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Deepwater Hydrocarbon Charge Systems of Offshore NW Sabah, Malaysia

Abstract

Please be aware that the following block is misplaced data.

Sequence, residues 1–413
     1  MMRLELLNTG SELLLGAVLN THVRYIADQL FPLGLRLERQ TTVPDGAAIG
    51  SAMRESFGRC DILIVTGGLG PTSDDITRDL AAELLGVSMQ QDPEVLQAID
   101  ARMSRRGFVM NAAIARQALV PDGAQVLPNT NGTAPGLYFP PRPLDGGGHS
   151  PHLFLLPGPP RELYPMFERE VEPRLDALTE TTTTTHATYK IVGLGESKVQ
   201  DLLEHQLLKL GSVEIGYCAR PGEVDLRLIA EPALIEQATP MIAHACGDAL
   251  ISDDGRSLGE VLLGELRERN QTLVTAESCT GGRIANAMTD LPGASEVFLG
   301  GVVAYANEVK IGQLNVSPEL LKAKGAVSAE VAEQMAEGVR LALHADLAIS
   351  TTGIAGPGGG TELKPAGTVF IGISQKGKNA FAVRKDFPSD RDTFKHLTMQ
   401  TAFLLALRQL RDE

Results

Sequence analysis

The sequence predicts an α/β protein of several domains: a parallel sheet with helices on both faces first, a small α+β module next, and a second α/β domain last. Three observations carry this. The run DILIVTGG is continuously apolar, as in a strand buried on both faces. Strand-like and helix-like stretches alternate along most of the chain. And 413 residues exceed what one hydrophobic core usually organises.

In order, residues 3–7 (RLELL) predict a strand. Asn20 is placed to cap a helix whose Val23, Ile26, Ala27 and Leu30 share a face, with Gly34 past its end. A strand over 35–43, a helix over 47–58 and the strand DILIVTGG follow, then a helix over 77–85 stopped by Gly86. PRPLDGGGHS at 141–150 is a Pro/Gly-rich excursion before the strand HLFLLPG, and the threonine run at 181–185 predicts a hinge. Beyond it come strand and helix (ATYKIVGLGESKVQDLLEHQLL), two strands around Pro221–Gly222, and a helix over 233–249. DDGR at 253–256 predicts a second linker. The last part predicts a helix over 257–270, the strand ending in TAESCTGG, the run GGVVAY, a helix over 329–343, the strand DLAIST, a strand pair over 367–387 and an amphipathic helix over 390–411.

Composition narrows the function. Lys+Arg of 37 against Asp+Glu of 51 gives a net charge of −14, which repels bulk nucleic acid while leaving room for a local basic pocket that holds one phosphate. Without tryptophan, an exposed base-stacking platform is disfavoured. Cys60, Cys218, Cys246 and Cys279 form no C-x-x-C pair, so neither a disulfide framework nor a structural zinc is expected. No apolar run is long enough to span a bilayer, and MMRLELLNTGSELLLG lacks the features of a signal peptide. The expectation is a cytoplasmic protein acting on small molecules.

The deep offshore of NW Sabah contains a petroleum system that is, in terms of depositional environment, ‘deepwater’ in every sense of the word. Not only is the location in deepwater at present day, but all elements of the petroleum system - source rock, reservoir, seal, overburden - are deepwater deposits. The primary play type is turbidite sands entombed in pelagic shales, structurally trapped in fold and thrust belt anticlines. This play has been proven successful with a number of oil and gas discoveries during the past decade and with exploration still actively chasing this play type. In such a play, it would seem intuitively obvious that the entombing marine shales would represent the main source rock facies. However, this has been shown to be not the case. This paper describes and discusses the charge system that drives this deepwater play. The oil geochemistry itself gives the first indication that marine shales are not the main source facies. The biomarker distribution of the oils are characterised by the presence of higher plant derived biomarkers such as 18(ğ)-oleanane, bicadinanes, a sterane distribution dominated by the C29 homologues and high Pr/Ph ratios. Marine biomarkers such as C30 steranes are, however, not completely absent, suggesting a minor marine organic matter contribution. Source rock studies have been carried out to evaluate and characterise the likely source rock facies of the Sabah oils. This work has focused not only on the penetrated rock sections (which invariably only penetrated immature and/or apparently non-source facies), but also on extensive analogue studies of deepwater successions (albeit older, less confined, and thermally more mature) that outcrop onshore Sabah. The geochemical and organic petrographic work by the current authors has indicated the occurrence of organic-rich slumps and debris flows which possess oil-prone Type III/II kerogen. These deposits are primarily observed in the onshore analogues and are yet to be encountered in drilled sections of the subsurface intervals. Basin modelling studies suggest that the effective source of the oils lies within the deepwater sequences beyond the total depths of the wells drilled to date. And so, as an ironic proviso to the opening remark that all the elements of the petroleum system are deepwater deposits, the actual organic matter that started it all is distinctly non-marine.